A 68 year old female presented to the ER with complaints of abdominal pain and vomiting for three days. Past medical history was significant for end stage renal disease on hemodialysis, high blood pressure, diabetes, and high cholesterol.
Her past surgical history was significant for bilateral below the knee amputations (BKA), coronary artery bypass graft (CABG), and amputations of two fingers on her left hand.
The patient was worked up as a case of abdominal pain, we drew the regular labs, CBC, BMP, amylase, and lipase, and we also gave her oral contrast to drink in preparation for an abdominal CT. We also gave her pain and nausea medication. My initial impression as I assessed her was that she was definitely very sick. She could not tell me much about her history, most of we got from her prior visit records, and I was unable to ascertain when her last dialysis appointment had been. I placed her on the cardiac monitor because I was concerned about her past cardiac history, and because she looked really sick. I also obtained an EKG and an accucheck.
Her initial lab results revealed elevated BUN and creatinine values as expected, and her electrolytes were also out of whack. Most significantly her potassium level was markedly elevated at 7.0.
I have seen physicians manage hyperkalemia in different ways. The attending that night elected to use Kayexalate PO and 1 amp Calcium chloride IV push. Knowing that she was a renal patient, and given the potential cardiac toxicity of calcium chloride, I verified the order with the doc to make sure this was what he wanted to do. I injected the dose into a small 50ml bag of 0.9% NSS and infused it over 20 minutes.
An hour after I had given her the Kayexalate and the calcium chloride had completed infusing, the patient became very restless and agitated, stating she could not breathe and felt "not right." I quickly obtained an accucheck, an EKG, and a set of vital signs. I placed her on 2L of oxygen. All her signs were stable, there were no changes in her EKG, and her accucheck was 146. She was midly tachycardic on the heart monitor, but she was very diaphoretic and unable to verbally respond to my questions. Very shortly after this the patient decompensated rapidly, appeared to go into a tonic clonic seizure with foaming at the mouth, and in a matter of minutes she became completely unresponsive. We could not obtain a BP or a pulse ox reading, but all pulses remained palpable. We intubated her to protect her airway, drew another chemistry panel, and also drew a set of cardiac enzymes. The patient progressed into a bradycardic arrest and we had to perform CPR.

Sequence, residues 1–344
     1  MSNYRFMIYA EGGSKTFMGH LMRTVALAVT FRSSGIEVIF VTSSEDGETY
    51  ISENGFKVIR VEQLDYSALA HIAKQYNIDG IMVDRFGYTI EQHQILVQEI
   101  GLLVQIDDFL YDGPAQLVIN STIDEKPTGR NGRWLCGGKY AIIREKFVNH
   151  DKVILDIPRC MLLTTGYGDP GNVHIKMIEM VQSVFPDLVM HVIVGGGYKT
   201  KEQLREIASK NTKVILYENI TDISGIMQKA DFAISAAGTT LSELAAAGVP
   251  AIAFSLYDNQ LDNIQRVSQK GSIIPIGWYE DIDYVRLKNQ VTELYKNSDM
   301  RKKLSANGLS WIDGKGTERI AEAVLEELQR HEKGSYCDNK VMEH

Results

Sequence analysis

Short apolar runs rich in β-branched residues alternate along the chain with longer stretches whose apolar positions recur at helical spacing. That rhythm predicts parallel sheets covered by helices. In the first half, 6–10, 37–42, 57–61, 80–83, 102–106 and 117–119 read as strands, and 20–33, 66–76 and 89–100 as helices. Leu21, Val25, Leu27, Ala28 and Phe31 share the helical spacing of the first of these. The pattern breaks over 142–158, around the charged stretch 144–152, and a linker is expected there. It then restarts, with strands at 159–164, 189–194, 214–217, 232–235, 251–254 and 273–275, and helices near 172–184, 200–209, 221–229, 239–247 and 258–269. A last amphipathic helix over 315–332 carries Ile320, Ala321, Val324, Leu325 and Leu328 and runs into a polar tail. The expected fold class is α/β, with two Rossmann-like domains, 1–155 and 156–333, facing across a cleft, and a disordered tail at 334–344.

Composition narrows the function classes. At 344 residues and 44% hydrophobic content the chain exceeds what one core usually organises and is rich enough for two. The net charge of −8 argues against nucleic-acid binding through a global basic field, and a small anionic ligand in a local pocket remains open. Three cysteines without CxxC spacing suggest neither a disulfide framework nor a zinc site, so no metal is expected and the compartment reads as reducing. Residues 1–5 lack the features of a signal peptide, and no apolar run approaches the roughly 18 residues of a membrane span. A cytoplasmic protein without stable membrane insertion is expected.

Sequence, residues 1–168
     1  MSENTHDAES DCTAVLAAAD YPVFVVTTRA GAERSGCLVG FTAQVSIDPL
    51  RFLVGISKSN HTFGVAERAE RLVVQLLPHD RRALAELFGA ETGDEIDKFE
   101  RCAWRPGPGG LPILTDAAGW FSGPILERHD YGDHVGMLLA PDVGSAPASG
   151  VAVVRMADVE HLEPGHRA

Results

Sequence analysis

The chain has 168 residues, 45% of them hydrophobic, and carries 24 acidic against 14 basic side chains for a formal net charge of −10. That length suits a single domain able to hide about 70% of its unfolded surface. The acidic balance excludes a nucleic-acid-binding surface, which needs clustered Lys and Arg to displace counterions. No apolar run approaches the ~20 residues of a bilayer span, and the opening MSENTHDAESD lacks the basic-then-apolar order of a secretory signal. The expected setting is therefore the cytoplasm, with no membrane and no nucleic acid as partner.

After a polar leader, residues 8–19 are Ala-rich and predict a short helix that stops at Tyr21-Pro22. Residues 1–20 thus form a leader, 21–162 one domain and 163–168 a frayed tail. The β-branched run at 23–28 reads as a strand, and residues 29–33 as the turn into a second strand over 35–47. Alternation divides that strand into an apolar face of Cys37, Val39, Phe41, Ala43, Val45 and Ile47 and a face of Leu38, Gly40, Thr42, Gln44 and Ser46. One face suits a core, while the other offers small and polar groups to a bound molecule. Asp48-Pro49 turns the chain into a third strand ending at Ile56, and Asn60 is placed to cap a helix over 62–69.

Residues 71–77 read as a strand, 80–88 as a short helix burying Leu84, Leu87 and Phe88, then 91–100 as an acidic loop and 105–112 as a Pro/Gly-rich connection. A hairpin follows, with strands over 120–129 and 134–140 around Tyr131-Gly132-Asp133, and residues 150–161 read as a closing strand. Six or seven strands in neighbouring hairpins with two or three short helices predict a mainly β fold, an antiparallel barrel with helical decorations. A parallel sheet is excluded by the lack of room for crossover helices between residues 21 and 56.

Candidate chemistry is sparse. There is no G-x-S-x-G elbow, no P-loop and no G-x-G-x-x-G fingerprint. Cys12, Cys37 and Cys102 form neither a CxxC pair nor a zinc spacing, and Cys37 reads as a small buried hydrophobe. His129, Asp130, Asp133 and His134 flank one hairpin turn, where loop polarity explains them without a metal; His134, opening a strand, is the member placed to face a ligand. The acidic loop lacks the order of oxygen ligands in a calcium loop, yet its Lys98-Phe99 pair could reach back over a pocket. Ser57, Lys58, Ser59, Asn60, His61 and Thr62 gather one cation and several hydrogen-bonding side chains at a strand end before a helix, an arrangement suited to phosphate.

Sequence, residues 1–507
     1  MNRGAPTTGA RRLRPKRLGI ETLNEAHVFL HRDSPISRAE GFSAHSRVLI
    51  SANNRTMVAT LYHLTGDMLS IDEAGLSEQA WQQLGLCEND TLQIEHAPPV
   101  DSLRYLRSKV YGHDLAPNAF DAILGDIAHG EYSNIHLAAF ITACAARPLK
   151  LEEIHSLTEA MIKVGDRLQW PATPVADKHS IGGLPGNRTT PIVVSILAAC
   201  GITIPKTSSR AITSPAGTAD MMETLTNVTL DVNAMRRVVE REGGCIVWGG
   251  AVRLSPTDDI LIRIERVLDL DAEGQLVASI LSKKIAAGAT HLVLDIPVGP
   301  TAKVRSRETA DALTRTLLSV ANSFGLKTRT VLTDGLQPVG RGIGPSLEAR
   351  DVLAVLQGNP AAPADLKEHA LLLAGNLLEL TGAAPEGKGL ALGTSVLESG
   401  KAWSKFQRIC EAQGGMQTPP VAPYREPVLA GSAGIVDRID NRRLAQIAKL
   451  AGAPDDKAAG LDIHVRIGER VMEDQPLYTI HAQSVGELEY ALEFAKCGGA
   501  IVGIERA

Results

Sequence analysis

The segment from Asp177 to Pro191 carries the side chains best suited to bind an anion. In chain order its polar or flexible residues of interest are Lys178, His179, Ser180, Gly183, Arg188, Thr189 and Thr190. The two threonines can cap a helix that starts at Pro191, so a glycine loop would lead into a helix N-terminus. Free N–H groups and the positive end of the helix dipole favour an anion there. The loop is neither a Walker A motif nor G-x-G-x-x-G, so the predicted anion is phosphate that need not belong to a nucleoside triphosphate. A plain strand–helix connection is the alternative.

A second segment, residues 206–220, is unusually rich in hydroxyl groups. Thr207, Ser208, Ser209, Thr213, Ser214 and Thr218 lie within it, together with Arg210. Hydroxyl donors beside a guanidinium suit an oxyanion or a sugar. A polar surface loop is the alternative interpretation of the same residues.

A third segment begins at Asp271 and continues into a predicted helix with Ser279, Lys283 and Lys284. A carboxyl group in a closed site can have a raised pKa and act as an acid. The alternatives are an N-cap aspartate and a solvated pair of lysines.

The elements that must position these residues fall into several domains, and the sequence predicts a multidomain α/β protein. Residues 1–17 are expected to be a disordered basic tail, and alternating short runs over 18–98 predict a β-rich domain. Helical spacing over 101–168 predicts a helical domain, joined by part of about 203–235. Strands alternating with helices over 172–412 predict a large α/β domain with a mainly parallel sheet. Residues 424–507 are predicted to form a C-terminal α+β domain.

After several doses of atropine and epinephrine we were able to obtain a pulse, a BP, and she begun to perfuse and we could get a pulse ox reading. Her repeat potassium level drawn just before we intubated her came back at 5.9, and her troponin came back at 3.8.
At this point my shift was ending and I had to hand her care over to another nurse so she could be transferred to the ICU. When I came back to work after two nights, I looked up her chart and got an update.
Her second and third set of cardiac enzymes had troponins trending upwards with the third troponin being 83. Her abdominal CT was unremarkable, and her potassium level was down to 4.8. She was being managed as having a non-ST elevation MI (NSTEMI) secondary to hyperkalemia and acidosis.
I have reflected a lot on this case, being that this was the first time I watched a patient assigned to me decompensate so rapidly.
Things I'm glad I did:
- Obtained a baseline EKG and accucheck on arrival even though they weren't ordered
- Placed her on a cardiac monitor even though it was not ordered
Things I wonder about:
- Did the calcium chloride accelerate or trigger whatever cardiac event was happening leading to an MI, or was her body building up to the MI all on its own?
- Had we drawn a set of cardiac enzymes with her initial labs, would the troponin have been positive, and would this have made a difference in the final outcome?
- Would it have helped if we had been able to ascertain for a fact that she had missed a dialysis appointment (which I suspect she had)? If we had dialyzed her emergently on arrival to the ER, would it have made a change in the outcome?
The patient remained stable in the ICU for a few days and was subsequently extubated and transferred to a regular floor.